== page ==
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    Snow Goose Life History


    Habitat Lakes and PondsSnow Geese breed in colonies on Canadian and Northern Alaskan tundra in the vicinity of the coast, from the high arctic to the subarctic. They choose areas near ponds, shallow lakes, coastal salt marshes, or streams (including river islands), preferring rolling terrain that loses its snow early and escapes flooding during spring thaw. Snow Geese form three separate regional populations—eastern, central, and western—distinctions that are more or less preserved as the geese migrate to their wintering grounds. After chicks hatch, families move to brood-rearing territories with a lot of grasses and bryophytes, including tidal marshes and wet areas near ponds. During spring and fall migration along all four major North American flyways, geese frequently stop in open areas like lakes, farm fields, protected freshwater and brackish marshes, sluggish rivers, and sandbars. They winter in regions on both American coasts as well as in some inland areas, frequenting open habitats like marshes, grasslands, marine inlets, freshwater ponds, and agricultural fields.Back to top


    Food PlantsSnow Geese are vegetarians with voracious appetites for grasses, sedges, rushes, forbs, horsetails, shrubs, and willows. They will consume nearly any part of a plant—including seeds, stems, leaves, tubers, and roots—either by grazing, shearing plants off at ground level, or ripping entire stems from the ground. In winter and during migration they also eat grains and young stems of farm crops, along with a variety of berries. Goslings may eat fruits, flowers, horsetail shoots, and fly larvae.Back to top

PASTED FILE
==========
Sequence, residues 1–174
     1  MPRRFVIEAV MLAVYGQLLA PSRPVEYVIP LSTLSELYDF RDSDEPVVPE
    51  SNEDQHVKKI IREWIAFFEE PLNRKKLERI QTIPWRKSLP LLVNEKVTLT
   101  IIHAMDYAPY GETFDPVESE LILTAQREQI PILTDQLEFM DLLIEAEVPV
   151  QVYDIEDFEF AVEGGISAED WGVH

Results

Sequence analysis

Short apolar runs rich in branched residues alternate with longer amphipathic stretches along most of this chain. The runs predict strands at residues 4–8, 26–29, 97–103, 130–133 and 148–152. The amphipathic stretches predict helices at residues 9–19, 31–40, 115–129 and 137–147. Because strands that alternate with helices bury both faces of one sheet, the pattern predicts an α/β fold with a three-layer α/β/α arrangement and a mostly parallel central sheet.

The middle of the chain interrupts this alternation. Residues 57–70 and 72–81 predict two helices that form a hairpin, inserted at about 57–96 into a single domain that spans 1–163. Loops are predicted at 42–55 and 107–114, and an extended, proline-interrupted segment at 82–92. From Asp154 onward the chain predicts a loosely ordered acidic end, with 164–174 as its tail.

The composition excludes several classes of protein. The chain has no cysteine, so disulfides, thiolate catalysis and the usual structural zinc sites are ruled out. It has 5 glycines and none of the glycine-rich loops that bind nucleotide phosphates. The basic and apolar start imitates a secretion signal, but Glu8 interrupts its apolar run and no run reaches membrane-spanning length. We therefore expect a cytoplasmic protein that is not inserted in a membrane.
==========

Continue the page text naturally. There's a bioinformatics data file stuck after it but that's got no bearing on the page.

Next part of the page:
Nest Placement

    Nest GroundAccompanied by the male, the female chooses a nest site, typically sheltered among vegetation like sea-lyme grass or willows, along with rocks or small shrubs. They build nests on dry ground when possible—although, being close to melted snow, the site is often moist. They use island sites or areas near to small ponds when those are available. The female sometimes starts several scrapes before choosing the final location. She may lay the first egg within an hour of selecting the site.

    Nest Description

    The female builds the nest by herself, working at any time of day. She starts with a simple scrape in the earth, but as she lays more eggs she adds fluffy down feathers plucked from her own breast (sometimes in very large amounts) and may add material like sea-lyme grass, eelgrass, leaves and twigs of willow and birch, or seaweed. The less protected the site, the heftier the nest: they range from 3 to 6.5 feet across.

    Nesting Facts
    Clutch Size:2-6 eggs
    Number of Broods:1 brood
    Egg Length:3.1-3.3 in (7.9-8.3 cm)
    Egg Width:2.0-2.2 in (5.1-5.5 cm)
    Incubation Period:24 days
    Nestling Period:1 day
    Egg Description:Elongated oval with variable texture. Creamy white but easily staining to dirty gray.
    Condition at Hatching:Eyes open and body fully covered with down.